San José, Costa Rica, since 1956
Maeology

Costa Rica is for lovers: the affectionate language of daily life

Read more: La horma de mi zapato – on love and taxis

As a U.S. citizen living in Costa Rica, I’m thinking of this Valentine’s Day almost like another Thanksgiving. At a time in history when so much in our lives is deadly serious, I’m especially grateful this year for the fact in Costa Rica, affection is sprinkled into everyday life with a light touch but constant presence, and love is definitely a laughing matter.

Costa Rica is not a country that tends to take itself too seriously, and affairs of the heart are no exception. Now, my views on this point have been hugely and inevitably influence by my husband and his family, who bring humor to literally any situation, so if I’ve overgeneralized, I apologize to all those penning heartfelt sonnets today. But from what I’ve seen over the past 12 years, romance here tends to be a approached with a grin.

Unless you’re a teenager, maybe, if you’re being told that you’re the luz de mis ojos or el sol de mi primavera, it’s being said with a playful smile or slightly ironic tone. If lovebirds do get too saccharine sweet or misty-eyed, they’re likely to be roasted by their family or friends with a high-pitched choral “UUUUUUyyyy” and some quips to help bring Romeo and Juliet back to earth. If you’re de cabanga, moping over a lost love, you’re more likely to be greeted with gentle humor than empathetic tears.

The moony and goopy might even be accused of being the victims of sorcery: le dieron agua del calzón, roughly translated as, “They gave him/her underwear water,” might be used to describe a lovesick person. Clearly, only a little black magic could be responsible for such a state. If someone does something extraordinary for love, you might hear un culo jala más que un tractor – literally, an ass can pull you farther than a tractor.

Even the best phrases in the language for true love are funny or homely. Those who are lucky in love have found, not their soulmates, but their media naranja, the other half of their orange. The happiest married folks might refer to a spouse as el hombre/la mujer de mis sueños or de mi vida (the man or woman of my dreams, or of my life), but they might opt instead for the term la horma de mi zapato – the shoemaker’s mold for my shoe. To refer to your spouse in the third person, you might use la doña for a wife, or for a girlfriend or boyfriend, la güila/el güilo or el cabro/la cabra (goat). Of course, as in English or probably any language, there are less delightful terms as well, like la culebra (the snake).

See also: The Tico Times’ second book pays homage to Costa Rican life and language

Terms of endearment? Of course, constantly, and they might be mi amor or mi vida – but they might not. The parents of the host family I lived with during my first summer in Costa Rica were one of the happiest married couples I’d ever seen, and I was startled when I first overheard them summon each other from opposite ends of the house: “¡GOOOORDAAAAA!” “¡GORDOOOOOO!” I still wouldn’t enjoy being addressed as Fatty by my own dear half-orange, but I’ve come to find it very charming and comforting when I hear it between other couples.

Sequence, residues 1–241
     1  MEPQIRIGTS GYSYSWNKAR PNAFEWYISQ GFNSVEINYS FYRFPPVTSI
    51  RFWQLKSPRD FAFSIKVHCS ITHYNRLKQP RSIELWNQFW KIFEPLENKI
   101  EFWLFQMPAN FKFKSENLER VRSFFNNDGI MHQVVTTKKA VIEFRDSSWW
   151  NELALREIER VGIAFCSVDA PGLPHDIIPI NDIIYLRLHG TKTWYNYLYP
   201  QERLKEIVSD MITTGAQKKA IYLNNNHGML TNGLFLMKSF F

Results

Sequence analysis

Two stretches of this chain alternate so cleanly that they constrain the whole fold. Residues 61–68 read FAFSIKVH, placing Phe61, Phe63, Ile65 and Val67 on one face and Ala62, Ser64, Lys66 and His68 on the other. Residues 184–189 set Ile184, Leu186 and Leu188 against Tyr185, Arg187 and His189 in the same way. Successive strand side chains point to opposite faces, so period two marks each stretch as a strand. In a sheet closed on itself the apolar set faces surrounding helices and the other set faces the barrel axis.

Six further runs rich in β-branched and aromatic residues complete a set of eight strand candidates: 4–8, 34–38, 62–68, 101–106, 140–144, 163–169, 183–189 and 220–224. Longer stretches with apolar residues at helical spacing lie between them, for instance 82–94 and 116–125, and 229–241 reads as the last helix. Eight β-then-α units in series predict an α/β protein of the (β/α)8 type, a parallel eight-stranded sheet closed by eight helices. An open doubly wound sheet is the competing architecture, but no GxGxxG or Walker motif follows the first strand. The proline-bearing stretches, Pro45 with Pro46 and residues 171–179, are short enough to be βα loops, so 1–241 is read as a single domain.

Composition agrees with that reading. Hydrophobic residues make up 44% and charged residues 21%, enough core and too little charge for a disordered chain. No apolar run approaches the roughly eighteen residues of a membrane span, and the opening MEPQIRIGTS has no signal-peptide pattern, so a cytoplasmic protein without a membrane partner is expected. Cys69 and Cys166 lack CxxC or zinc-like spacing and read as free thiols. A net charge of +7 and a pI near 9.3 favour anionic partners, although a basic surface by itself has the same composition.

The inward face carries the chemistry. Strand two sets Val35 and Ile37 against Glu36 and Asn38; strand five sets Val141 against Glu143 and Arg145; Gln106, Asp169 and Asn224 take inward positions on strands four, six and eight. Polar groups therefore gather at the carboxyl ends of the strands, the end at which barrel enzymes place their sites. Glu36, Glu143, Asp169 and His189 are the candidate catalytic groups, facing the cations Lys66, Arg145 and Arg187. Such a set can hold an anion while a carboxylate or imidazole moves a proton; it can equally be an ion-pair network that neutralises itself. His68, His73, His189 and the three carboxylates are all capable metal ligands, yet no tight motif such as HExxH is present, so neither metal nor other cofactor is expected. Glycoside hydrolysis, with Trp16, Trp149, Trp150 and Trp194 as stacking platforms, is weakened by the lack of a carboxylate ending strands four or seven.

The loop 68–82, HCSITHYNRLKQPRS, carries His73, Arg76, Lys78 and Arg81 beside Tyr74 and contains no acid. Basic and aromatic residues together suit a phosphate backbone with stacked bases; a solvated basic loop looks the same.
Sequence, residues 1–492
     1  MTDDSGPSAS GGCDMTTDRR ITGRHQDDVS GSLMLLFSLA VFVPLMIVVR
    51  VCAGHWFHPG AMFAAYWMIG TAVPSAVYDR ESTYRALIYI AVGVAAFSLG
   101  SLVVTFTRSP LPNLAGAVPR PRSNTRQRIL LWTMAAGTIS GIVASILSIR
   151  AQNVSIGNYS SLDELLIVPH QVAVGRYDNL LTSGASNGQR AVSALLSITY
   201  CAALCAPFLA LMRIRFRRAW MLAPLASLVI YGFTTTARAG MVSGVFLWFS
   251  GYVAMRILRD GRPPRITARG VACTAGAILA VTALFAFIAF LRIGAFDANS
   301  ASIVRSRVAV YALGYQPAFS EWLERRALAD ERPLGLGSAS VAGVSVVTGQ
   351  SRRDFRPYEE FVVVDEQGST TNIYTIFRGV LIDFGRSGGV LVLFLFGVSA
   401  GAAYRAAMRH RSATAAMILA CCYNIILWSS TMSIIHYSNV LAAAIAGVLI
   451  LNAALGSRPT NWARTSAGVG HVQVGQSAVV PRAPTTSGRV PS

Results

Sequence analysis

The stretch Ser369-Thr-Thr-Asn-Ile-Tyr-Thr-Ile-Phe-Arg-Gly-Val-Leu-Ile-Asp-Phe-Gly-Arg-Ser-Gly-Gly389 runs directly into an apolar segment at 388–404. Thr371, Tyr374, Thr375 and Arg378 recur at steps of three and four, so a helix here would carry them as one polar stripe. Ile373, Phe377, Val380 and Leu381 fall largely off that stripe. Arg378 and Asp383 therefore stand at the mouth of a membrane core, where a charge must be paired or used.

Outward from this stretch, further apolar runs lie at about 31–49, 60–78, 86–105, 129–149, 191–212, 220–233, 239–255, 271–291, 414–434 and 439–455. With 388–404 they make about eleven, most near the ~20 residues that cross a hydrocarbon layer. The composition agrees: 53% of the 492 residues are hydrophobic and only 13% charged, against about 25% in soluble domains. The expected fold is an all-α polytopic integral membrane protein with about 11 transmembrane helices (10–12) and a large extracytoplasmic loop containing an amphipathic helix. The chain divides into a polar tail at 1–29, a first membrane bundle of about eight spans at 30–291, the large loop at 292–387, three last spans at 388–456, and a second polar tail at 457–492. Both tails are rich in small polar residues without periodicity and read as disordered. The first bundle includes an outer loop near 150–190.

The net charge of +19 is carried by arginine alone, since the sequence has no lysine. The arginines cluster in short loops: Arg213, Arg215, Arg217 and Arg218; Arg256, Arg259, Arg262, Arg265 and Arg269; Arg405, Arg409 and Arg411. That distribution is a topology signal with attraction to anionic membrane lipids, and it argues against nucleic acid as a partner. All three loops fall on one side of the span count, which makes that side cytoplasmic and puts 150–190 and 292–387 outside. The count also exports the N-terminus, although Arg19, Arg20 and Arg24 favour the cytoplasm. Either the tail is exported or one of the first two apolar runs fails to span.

Don’t get me wrong: love a lo tico is undeniably sweet. You haven’t truly snuggled until have acurrucado, which has got to be one of the most fun-to-say ways to refer to a cuddle in any language, or apapachado, a word that I recently learned is of Mexican origin but is frequently used in Costa Rica as well. Apapachar comes from the indigenous náhuatl word meaning “to embrace with the soul,” and that’s just as lovely a concept as you can get.

It’s sweet, but very, very grounded – and maybe because of that unpretentiousness, it is everywhere. Even in the rushed and crowded city, even in an office, kisses are being kissed, queridas and amores are being tossed around in the air, nicknames and diminutives are being used to express fondness between coworkers or even strangers. The lines between romantic and platonic love are constantly blurred in a place that celebrates, not just el Día de San Valetín, but el Día del Amor y la Amistad. I have always liked this distinction. Here’s to celebrating love in an inclusive way.

My wish for you on Tuesday is that single or hitched, surrounded by friends or family or missing someone, you will find a way to be, well, feliz como una lombriz – you know, happy as a parasite that’s found a good host. (Maybe leave that one out of your Valentine’s card… although, then again, I won’t. It’s one of my favorites.)

I hope you’ll be happy in a country whose city streets, though a treacherous battleground, to be honest, are also peppered with little words of affection. A country where the most basic conversation has little verbal hugs that, even when rote, soften the corners of a day.

I, for one, am hanging onto the diminutives, the sly humor, the irreverence and the ubiquitousness of Costa Rican love like never before, and am thankful for a whole day just to celebrate it.  Here’s to amor a lo tico, in all its charming forms.

Read previous Maeology columns here.

Katherine Stanley Obando is the editor of The Tico Times and the author of “Love in Translation: Letters to My Costa Rican Daughter,” a book of essays about motherhood, Costa Rica’s unique street slang, bicultural parenting, and the ups and downs of living abroad. She lives in San José. For more from Katherine about Costa Rican life and culture, follow her on Facebook or Twitter, or subscribe to the Love in Translation blog.

Last year, we published one Costa Rican love story; now, we’d love to hear yours.

The Tico Times

Contact Katherine Stanley at kstanley@ticotimes.net

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